Was Your Facebook Account Hacked? Don’t Panic
When Kelly was notified that someone in Germany had signed in to her Facebook account, she knew something was seriously wrong. The Texas-based content creator doesn’t just use Facebook for keeping up with friends; she runs her business on social media — and the international hackers had put her livelihood in jeopardy [*].
Despite using security precautions like two-factor authentication (2FA), Kelly got completely locked out of her Facebook account — losing tens of thousands of dollars in potential earnings almost instantly.
Unfortunately, Kelly’s story is far from unique. According to the Identity Theft Resource Center [*]:
There has been a 1,000% increase in social media account takeovers over the past twelve months with Facebook accounting for 1/4 of all compromised accounts.
Whether you’re a casual user or an influencer who runs a business on the platform, having your Facebook account hacked is a harrowing experience. If you think (or know) that your account has been compromised, you need to act quickly.
In this guide, we’ll explain how to tell if your Facebook account has been hacked and what you can do to try and recover it.
Here’s How To Tell If Your Facebook Account Was Hacked
The scary truth is that it’s easier than ever for scammers to take control of your Facebook account.
In 2021, hackers stole and leaked personal data from 533 million Facebook users — including phone numbers, email addresses, and more [*]. These security data breaches don’t just put your social media accounts at risk, but also your identity and finances.
If scammers take over your social media accounts, they can use them to scam your friends and followers or find sensitive information that they can use to steal your identity.
So, how can you tell if your Facebook account has been hacked?
Common warning signs of a compromised account:
- You’re unable to sign in to your Facebook account.
- You receive a “password reset” email that you didn’t request.
- Your friends and followers tell you that they’re getting suspicious direct messages (DMs) from your Facebook Messenger account that look like phishing scams.
- You notice changes to your Facebook profile information (such as your name, birthday, address, etc.).
- You're suddenly being targeted with more sophisticated Facebook scams.
- There are posts or comments on your Facebook page that you never made.
- People you don’t know receive friend requests from you.
- You find sessions you don’t recognize in your “Where You’re Logged In” settings.
Was Your Facebook Account Hacked? Here’s What To Do!
As soon as you see any indication that someone has hacked your Facebook account, start by changing your password and tightening your security settings. It’s also a good idea to inform your friends and followers that your account was compromised, and report the incident to Facebook.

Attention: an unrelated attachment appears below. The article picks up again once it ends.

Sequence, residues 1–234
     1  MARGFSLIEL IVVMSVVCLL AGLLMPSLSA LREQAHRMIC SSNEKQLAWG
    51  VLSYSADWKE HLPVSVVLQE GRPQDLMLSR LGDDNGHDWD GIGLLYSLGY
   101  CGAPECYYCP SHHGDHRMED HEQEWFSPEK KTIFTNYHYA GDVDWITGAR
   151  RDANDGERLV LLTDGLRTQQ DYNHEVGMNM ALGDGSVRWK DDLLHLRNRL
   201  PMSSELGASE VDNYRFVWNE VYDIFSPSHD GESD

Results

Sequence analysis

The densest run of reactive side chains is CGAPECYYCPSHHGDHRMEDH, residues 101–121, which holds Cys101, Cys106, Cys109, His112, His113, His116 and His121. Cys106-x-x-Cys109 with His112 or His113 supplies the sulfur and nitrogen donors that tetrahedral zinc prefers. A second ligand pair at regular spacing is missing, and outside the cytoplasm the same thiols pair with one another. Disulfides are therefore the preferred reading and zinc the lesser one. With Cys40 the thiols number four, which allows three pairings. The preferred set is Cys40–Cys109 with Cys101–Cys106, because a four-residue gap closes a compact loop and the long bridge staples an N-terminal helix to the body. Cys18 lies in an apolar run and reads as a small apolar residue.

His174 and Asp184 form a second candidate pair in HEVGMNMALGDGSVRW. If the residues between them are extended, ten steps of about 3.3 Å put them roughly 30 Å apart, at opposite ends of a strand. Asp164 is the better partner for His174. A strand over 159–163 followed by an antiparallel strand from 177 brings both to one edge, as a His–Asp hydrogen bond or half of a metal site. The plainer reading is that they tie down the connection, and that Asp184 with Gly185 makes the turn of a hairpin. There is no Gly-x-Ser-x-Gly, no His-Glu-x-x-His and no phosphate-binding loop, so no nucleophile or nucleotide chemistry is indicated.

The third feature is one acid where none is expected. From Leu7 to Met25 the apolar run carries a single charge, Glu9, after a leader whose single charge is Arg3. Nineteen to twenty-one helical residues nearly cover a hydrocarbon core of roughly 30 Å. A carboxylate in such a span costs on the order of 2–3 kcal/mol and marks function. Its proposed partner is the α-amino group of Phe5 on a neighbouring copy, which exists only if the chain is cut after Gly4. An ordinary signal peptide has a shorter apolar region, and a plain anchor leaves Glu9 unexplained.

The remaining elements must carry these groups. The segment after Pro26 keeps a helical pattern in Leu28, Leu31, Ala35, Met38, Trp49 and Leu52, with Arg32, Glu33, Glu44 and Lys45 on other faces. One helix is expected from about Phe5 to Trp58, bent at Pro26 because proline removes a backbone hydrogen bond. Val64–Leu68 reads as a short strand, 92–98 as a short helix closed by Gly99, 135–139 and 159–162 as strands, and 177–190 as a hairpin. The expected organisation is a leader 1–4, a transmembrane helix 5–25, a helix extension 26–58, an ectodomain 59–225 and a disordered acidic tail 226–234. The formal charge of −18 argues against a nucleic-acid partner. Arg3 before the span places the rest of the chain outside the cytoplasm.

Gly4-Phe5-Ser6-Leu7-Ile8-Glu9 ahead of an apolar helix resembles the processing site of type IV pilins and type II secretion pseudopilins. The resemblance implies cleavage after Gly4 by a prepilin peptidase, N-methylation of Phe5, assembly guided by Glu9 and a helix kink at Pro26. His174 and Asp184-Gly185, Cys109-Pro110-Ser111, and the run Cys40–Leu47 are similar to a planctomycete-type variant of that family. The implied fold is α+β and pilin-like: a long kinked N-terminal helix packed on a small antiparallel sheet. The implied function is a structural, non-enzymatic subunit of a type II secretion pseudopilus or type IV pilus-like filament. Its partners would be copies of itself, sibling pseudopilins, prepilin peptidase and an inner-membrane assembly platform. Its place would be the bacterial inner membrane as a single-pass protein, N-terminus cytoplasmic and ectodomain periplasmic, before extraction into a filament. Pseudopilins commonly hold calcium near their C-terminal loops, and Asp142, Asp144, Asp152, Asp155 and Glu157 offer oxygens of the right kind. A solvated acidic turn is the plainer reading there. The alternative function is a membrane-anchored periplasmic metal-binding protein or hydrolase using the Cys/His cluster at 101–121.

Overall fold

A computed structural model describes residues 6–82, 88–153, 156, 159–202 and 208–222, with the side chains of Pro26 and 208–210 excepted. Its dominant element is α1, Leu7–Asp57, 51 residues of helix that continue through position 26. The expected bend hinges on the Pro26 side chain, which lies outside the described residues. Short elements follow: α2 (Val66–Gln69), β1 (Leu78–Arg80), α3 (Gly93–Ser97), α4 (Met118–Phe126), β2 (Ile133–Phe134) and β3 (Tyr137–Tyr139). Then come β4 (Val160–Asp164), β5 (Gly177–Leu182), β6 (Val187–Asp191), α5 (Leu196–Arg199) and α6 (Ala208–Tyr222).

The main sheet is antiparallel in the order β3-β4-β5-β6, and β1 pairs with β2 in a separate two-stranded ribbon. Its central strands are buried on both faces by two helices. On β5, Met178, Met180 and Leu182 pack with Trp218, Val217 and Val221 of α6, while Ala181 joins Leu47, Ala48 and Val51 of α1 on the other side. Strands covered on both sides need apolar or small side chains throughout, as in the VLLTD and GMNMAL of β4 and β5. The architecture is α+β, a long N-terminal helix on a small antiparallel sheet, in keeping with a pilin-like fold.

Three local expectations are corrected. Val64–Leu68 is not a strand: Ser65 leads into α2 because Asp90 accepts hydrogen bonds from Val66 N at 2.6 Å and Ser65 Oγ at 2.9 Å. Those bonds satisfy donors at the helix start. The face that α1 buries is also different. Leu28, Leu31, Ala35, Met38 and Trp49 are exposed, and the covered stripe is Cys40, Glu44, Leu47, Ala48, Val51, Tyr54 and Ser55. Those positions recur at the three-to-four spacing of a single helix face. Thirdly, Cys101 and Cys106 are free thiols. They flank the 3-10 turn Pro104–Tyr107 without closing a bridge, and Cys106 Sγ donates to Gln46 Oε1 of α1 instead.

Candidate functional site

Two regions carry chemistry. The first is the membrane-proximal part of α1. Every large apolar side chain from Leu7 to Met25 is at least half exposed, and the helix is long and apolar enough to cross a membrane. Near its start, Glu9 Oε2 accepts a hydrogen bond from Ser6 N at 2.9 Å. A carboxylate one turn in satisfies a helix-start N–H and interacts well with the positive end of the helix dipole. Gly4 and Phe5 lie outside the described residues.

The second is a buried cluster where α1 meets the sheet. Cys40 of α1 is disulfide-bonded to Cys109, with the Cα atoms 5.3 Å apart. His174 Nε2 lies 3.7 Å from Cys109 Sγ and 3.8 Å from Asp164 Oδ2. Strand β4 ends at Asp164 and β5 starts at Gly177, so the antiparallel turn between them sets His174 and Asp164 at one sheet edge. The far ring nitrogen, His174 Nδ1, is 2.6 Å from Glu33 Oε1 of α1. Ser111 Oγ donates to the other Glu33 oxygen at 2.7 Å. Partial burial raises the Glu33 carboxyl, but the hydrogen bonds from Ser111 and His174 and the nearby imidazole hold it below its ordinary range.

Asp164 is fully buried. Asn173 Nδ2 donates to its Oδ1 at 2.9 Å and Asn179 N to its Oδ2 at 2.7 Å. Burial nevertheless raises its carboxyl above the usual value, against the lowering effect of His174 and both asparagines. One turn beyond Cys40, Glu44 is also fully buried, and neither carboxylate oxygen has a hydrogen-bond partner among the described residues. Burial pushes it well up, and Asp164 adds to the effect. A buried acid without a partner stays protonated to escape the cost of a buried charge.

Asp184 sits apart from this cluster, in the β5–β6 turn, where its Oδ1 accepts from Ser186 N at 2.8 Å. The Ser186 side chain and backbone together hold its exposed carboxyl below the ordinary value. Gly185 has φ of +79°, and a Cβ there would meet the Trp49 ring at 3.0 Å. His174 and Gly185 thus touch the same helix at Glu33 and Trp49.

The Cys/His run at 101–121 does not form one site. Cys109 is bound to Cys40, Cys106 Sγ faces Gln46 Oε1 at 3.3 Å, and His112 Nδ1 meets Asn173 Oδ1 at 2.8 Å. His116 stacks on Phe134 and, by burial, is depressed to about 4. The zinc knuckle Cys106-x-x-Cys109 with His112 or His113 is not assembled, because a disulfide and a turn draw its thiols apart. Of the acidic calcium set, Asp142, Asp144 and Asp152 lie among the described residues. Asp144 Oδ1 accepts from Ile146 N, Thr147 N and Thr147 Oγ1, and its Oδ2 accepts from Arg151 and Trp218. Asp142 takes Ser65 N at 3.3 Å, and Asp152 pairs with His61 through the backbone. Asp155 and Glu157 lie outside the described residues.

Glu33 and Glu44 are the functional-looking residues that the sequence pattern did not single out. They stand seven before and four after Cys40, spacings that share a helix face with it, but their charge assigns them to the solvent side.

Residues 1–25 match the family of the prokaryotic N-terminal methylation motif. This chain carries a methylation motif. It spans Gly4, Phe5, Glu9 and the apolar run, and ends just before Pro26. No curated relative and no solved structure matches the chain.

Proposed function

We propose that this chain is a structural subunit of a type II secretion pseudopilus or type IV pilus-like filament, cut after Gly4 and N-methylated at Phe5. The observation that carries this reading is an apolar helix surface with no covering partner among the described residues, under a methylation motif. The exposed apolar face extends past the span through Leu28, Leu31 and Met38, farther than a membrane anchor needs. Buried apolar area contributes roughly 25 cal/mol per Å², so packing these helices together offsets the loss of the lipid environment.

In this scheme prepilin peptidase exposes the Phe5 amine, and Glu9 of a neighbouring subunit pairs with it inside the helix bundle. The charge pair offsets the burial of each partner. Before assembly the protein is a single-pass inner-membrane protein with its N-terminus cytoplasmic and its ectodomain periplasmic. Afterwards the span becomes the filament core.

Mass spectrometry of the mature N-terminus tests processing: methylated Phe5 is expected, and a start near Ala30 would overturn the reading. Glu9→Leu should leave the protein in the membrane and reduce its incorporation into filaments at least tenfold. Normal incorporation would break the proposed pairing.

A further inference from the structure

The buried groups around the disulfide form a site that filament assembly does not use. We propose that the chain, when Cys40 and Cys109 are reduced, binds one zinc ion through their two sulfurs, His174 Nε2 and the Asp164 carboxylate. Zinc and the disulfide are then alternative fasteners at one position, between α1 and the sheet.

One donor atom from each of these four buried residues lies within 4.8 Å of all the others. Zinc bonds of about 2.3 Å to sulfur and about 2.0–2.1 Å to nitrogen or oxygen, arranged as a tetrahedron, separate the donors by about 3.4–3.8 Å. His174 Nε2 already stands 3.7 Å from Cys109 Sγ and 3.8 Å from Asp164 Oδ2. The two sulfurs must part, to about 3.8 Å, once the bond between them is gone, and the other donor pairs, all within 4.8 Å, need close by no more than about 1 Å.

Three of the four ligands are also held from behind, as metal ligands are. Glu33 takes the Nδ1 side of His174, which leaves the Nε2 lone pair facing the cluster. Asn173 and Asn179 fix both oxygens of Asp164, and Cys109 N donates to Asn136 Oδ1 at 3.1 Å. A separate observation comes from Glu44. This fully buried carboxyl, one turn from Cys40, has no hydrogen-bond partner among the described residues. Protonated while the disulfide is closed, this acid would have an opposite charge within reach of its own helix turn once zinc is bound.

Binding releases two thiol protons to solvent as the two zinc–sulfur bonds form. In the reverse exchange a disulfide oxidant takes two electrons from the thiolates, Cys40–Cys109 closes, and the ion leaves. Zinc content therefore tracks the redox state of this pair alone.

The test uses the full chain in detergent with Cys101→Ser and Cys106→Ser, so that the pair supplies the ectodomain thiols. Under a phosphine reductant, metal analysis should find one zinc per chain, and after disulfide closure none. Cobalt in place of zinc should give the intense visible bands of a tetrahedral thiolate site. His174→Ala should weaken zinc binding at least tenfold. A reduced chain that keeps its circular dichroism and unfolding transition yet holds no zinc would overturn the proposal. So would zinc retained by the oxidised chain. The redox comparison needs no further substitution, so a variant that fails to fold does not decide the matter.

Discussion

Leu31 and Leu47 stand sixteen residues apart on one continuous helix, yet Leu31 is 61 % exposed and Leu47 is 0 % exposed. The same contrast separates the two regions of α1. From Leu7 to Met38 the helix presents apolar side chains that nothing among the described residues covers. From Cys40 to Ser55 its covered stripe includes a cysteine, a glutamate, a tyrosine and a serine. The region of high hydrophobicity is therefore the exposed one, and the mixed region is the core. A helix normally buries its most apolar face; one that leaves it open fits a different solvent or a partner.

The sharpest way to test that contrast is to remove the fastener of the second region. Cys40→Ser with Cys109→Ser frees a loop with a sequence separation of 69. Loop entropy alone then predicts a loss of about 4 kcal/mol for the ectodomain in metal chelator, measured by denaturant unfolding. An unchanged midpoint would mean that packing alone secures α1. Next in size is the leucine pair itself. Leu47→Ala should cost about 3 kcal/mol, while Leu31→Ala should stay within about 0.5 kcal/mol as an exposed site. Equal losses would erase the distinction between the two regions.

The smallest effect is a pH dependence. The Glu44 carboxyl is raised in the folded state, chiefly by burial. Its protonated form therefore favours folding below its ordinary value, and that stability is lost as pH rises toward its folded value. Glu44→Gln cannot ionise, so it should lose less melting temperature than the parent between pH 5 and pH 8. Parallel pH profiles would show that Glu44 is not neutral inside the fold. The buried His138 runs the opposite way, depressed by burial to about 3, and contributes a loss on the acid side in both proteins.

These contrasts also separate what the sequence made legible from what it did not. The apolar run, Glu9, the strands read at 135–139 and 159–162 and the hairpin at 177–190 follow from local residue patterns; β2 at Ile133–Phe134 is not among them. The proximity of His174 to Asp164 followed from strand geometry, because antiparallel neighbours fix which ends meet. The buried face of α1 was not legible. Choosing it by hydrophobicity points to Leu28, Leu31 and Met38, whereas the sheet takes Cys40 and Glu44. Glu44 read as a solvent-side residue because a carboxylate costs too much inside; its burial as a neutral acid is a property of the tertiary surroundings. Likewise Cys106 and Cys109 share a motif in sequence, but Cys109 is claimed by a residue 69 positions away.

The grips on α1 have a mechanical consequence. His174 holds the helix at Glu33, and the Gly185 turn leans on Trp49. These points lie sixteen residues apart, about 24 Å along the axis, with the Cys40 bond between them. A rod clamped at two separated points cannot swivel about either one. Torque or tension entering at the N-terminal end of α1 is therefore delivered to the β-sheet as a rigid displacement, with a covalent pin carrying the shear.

However, scammers often move quickly to lock you out of a hacked Facebook account by changing your password and updating your phone number and email so that you can’t access your login or 2FA codes.
Here’s what to do, whether you still have access to your hacked Facebook account or have been completely locked out.
What To Do If You Still Have Access To Your Facebook Account
If you suspect a hack but can still sign in to your account, consider yourself lucky!
This is the best-case scenario when it comes to compromised accounts. That said, navigating the recovery process can be confusing.
Step 1: Change your password
Start by locking out hackers with a new password:
- On an iOS or Android device: Tap on the “Menu” icon in the bottom right corner of your screen in the Facebook app (right next to “Notifications”). Then, select “Settings & privacy,” and then “Password and security” in the menu that follows. Under the header marked “Login,” select “Change password” and follow the directions to create a new password.
- From your web browser: Log in to your account at Facebook.com and then click on your profile photo in the upper right-hand corner of the screen. Then, select “Settings & Privacy,” then “Settings,” then “Security and Login.” Scroll down to the “Login” section to change your password.
Step 2: Check where you’re logged in
Now, it’s time to see if hackers still have access to your account.
In the same security settings menu that you just used to change your password, you’ll be able to view all of the locations where your Facebook account is being accessed.
Navigate back to “Password and Security” (or “Security and Login” on desktop). Just above the “Change password” option, you’ll see a section that says “Where you’re logged in.” This menu will show all the locations and devices that are logged in to your account.
If you’re using a mobile device, tap on any suspicious logins and select “Secure Account.” You’ll be prompted through a few more steps that will help you protect your account.
If you see multiple unauthorized logins, it’s a cybersecurity best practice to log out of all sessions at once.
Step 3: Report the incident to Facebook